NORWAY — The two ice storms that hammered Maine this month may have caused the nation’s largest documented outbreak of carbon monoxide poisoning, state health officials said.
The Bureau of Health has begun a study of the outbreak in hopes of using the results to provide safety guidelines for future emergencies.
“What we’d like to have is some known things that people can do, known actions that people can take,” said Dr. Dora Anne Mills, director of the bureau.
Between 300 and 400 people statewide suffered from carbon monoxide poisoning caused by poorly ventilated generators and heat sources, Mills said. She based her estimate on preliminary information gathered from phone calls to hospital emergency rooms around the state.
Before this month, the largest known outbreak of carbon monoxide poisoning occurred in 1991 following an ice storm in Rochester, N.Y., in which 55 people suffered with the condition, Mills said.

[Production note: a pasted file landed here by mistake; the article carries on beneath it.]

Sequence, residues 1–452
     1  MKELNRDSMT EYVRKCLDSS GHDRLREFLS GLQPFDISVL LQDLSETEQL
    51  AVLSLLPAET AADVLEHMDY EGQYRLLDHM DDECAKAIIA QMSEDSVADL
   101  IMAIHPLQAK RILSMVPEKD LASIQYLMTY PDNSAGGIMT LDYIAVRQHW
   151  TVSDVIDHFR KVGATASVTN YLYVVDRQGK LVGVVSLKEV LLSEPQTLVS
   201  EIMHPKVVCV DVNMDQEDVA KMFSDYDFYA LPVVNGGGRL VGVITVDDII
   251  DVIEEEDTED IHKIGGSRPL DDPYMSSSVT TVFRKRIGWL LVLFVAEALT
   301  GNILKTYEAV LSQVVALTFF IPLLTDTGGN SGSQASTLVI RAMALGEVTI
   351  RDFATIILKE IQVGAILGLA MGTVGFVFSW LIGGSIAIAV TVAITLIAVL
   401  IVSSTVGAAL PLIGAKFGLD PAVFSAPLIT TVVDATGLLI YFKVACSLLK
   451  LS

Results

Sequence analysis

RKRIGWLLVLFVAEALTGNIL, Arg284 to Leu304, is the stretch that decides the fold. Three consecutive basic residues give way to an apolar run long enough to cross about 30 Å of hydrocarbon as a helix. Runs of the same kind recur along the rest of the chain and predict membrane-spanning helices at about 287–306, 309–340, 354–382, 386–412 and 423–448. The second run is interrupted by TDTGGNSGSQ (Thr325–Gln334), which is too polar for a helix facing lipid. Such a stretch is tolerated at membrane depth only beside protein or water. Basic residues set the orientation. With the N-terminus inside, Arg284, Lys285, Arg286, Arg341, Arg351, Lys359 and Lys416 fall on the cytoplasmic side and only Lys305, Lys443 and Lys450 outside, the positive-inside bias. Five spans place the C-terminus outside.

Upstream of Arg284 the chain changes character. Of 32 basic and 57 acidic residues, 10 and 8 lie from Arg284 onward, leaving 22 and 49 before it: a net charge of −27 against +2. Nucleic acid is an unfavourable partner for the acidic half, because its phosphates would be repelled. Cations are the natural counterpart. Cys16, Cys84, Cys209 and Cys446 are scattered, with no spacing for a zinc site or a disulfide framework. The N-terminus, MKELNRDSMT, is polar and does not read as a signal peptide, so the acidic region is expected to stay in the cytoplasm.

The study under way will make more extensive use of emergency room data from a few hospitals. It will also rely on data gathered by the Red Cross during interviews at shelters, and a door-to-door survey in Norway.
Researchers plan to compare emergency room data from a 10-day period at the height of the 1998 power failures with data from the same 10 days in 1997.
In addition to increases in the number of carbon monoxide poisonings, Mills said preliminary data reveals that emergency rooms dealt with larger-than-normal numbers of respiratory problems, cardiac problems and fractures.